Thursday, February 4, 2010

An Opportunity for Toyota?

Poor Toyota. How can a leading hybrid car company recover from a 4.5 million vehicle recall? Faulty breaks, a sticky accelerator, and possible flaws in the electronic throttle system aren't features that even the most loyal Toyota customers would look for.

The current economic state in North America, as well as the fact that the US government own parts of both GM and Crysler, might mean that the Japanese automaker might be in a tigher bind than we thought.

However, Toyota is responding relatively well. It's broken, so let's fix it. One of the most respected PR tactics in the business has been humble admittance, and maybe an apology; Maple Leaf style. It's one thing to go back and fix things, but it's an another to publicly announce that, yes, it happens, and we're sorry.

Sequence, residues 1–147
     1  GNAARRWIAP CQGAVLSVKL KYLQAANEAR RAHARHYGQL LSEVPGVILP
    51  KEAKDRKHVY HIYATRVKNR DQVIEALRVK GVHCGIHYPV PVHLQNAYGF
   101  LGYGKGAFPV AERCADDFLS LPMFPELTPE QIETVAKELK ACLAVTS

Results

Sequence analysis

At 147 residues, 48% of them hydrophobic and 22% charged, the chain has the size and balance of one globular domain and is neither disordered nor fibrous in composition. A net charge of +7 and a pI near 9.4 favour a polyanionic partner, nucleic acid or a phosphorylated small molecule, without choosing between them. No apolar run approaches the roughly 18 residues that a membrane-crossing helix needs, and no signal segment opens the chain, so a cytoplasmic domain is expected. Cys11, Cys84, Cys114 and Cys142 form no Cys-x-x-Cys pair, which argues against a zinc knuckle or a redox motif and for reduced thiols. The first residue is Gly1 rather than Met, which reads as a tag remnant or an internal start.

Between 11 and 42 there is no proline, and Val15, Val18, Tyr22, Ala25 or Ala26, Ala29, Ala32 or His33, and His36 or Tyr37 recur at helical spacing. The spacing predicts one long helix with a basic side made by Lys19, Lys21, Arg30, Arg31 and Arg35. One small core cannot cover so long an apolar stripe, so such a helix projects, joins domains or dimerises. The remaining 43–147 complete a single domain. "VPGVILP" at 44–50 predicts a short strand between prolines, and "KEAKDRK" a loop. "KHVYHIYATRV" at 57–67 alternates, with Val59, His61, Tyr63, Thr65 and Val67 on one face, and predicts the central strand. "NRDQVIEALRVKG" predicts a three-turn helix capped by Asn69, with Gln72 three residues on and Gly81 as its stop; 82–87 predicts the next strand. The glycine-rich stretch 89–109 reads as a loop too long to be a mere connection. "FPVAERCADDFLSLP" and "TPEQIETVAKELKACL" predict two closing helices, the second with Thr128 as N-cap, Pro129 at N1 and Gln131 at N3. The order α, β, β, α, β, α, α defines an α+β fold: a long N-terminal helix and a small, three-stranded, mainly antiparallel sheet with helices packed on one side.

As I recall on the first five years of my life strapped safely in the backseat of my mom's little white Corolla, windows rolled down, loudly singing the lyrics from Level 42's first album, I hope that they do.


  1. I think that Toyota took the best route possible when it came to addressing the problem. Yes, they could have easily covered it up and took the easy road out of it, but they didn't. Being honest with stuff that matters (Maple Leaf and Asprin) only strengthens your brand. They couldn't have done it any other way!

  2. This is a sign from the prophets. The time of the car is past. The time of the moped, solar sail and electric skateboard is at hand. No more bourgeoisie automobiles for THIS human race.

    The Phantom